Today, Earth welcomes back Cmdr Chris Hadfield who touched many people, not only Canadians with his tweets and Youtube videos from board of the International Space Station (ISS). One of the last things Cmdr Hadfield did was to post a very cool rendition of David Bowie's Space Oddity. The music was recorded on earth and the singing on board of the ISS. The text is slightly altered from the original and rarely has this song been so relevant than here with Cmdr Hadfield leaving the ISS just a few hours later - looking one last time at Earth from that perspective ...
I must admit, it brought a few tears to my eyes. The video was powerful - the music has so many associations for me, it was a particular moment in time that would never come back (you can do something for the first time only once). So why were there tears?
Crying has been one of the interesting riddles - what is the function of crying? What is the evolutionary perspective on crying? Is crying good for you or bad for you?
As it turns out, there are no easy answers. Darwin already was not completely sure what do with crying. Quote from Darwin (1872)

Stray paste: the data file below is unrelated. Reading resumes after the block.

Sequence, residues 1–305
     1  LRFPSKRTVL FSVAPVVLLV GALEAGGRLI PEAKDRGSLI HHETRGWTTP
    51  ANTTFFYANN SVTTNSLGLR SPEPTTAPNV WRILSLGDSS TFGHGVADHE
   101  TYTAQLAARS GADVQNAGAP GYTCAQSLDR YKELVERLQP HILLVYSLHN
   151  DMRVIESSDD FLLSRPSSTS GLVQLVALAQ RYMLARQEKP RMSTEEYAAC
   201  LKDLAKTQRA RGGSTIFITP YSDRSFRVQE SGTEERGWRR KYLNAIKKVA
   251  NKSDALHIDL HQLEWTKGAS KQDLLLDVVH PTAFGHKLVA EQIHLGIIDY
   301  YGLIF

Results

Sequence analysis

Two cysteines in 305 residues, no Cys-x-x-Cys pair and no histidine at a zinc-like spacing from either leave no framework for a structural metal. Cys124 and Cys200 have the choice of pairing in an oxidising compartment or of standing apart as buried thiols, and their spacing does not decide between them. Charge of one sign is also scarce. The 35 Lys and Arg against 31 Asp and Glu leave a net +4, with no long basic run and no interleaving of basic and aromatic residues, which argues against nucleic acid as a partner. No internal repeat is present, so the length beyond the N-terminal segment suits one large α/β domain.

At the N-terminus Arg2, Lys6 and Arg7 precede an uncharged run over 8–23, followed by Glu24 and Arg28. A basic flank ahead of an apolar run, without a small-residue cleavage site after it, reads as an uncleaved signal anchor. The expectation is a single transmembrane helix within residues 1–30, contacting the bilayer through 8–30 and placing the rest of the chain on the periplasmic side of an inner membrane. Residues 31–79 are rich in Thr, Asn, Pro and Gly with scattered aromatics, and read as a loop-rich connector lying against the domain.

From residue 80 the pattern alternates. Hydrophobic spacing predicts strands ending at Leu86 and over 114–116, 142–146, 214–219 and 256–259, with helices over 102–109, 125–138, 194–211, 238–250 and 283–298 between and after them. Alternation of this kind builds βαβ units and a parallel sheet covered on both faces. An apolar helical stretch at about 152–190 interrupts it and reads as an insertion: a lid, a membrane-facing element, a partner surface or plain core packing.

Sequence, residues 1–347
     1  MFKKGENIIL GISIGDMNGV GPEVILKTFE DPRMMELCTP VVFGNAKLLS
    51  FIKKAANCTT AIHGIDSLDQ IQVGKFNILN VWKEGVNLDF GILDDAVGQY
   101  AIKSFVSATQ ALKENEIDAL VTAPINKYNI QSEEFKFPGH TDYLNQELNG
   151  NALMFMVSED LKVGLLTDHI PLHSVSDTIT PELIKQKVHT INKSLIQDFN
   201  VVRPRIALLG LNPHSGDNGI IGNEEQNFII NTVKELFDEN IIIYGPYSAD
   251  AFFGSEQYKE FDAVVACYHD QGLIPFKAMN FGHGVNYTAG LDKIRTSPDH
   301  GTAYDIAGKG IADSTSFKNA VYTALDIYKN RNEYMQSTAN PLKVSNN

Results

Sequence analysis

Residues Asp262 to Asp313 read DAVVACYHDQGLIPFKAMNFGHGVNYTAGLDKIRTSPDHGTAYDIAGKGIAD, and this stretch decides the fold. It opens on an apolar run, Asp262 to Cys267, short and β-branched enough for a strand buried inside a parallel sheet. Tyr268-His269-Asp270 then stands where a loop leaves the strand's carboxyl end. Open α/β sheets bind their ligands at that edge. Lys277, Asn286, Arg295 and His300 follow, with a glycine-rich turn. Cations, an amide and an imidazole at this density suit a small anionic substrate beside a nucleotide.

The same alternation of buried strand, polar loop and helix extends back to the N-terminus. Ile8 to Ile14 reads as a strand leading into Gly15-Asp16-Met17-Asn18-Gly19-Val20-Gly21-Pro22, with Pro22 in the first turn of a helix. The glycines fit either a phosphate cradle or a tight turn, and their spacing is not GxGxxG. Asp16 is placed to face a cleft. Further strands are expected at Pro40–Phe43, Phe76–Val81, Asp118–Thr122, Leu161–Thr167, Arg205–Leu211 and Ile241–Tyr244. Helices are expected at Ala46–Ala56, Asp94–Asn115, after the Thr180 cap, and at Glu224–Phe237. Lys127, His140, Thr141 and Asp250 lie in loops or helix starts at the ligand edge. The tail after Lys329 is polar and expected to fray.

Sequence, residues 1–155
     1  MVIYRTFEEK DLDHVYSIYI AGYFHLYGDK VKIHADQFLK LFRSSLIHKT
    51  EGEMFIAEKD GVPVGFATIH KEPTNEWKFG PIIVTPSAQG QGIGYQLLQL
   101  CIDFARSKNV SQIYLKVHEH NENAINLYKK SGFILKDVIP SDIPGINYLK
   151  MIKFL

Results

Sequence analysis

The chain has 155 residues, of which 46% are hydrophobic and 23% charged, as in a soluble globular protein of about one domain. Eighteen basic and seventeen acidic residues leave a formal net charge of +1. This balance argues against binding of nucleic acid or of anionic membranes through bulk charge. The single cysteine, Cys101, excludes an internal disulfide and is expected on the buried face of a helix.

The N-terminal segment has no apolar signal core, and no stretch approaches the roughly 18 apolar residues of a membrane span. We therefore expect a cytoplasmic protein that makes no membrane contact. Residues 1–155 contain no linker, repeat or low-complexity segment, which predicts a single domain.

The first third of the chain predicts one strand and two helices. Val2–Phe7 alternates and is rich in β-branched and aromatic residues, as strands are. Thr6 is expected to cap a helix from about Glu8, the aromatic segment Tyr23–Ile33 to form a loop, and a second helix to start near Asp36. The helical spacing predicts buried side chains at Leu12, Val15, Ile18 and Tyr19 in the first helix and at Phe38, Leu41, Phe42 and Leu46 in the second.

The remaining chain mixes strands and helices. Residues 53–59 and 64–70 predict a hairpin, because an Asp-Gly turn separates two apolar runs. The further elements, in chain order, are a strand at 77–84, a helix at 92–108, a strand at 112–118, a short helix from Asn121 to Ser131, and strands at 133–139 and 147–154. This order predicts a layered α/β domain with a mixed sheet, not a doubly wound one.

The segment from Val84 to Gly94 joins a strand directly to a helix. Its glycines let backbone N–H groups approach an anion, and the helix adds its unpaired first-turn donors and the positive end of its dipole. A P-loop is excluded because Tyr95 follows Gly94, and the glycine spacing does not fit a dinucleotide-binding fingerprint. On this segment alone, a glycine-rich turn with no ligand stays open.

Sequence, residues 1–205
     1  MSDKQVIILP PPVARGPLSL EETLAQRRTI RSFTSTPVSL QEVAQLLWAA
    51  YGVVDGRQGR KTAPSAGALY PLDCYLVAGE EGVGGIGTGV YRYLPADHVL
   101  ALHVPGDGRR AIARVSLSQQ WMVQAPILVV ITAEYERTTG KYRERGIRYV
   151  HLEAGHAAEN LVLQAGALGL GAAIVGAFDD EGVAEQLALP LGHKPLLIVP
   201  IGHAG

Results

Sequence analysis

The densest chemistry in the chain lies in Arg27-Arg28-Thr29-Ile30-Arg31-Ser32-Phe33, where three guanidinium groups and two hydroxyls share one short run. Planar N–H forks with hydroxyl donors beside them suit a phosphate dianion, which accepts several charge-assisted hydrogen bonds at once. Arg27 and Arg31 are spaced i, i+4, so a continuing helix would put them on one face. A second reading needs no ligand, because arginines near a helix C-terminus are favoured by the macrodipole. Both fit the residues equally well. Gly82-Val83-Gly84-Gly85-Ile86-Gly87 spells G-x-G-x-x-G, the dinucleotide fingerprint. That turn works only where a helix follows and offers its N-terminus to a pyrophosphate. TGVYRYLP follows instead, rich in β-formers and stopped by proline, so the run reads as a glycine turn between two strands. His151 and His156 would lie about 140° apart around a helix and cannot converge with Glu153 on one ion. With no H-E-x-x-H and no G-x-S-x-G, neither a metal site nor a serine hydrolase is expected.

(p. 172) In considering how far this view is probable, we should bear in mind that the eyes of infants have been acted on in this double manner during numberless generations, whenever they have screamed; and on the principle of nerve-force readily passing along accustomed channels, even a moderate compression of the eyeballs and a moderate distension of the ocular vessels would ultimately come, through habit, to act on the glands. We have an analogous case in the orbicular muscles being almost always contracted in some slight degree, even during a gentle crying-fit, when there can be no
So the idea here is that forceful crying in the infant leads via mechanical reasons to the secretion of tears. Over time particular situations get associated with this type of fit, which in turn gets more and more controlled in the adult and so crying when adults are sad is a sort of remnant of this process. You can read the argument in more detail here.
Since then many researchers have studied the mechanics and chemistry of crying and tears. It is still a complicated story though ... is it satisfying? Can it cope with sentimental crying? What about crying for joy?
One of the key researchers on crying is Ad Vingerhoets from Tilburg University. Here is a brief article from the Guardian that refers also to Ad's recent book Why only humans weep.
I have also tried my hand at the topic, but then - Ad's books are probably the best place to start ...
In the meanwhile - Cmdr Hadfield answers the question what happens to tears in space ...
Darwin, C. (1872). The expression of the emotions in man and animals. London, UK: Murray.
Kappas, A. (2009). Mysterious tears. The phenomenon of crying from the perspective of social neuroscience. In: Thorsten Fögen (ed.), Tears in the Graeco-Roman World (pp. 419-438) , Berlin & New York,: DeGruyter.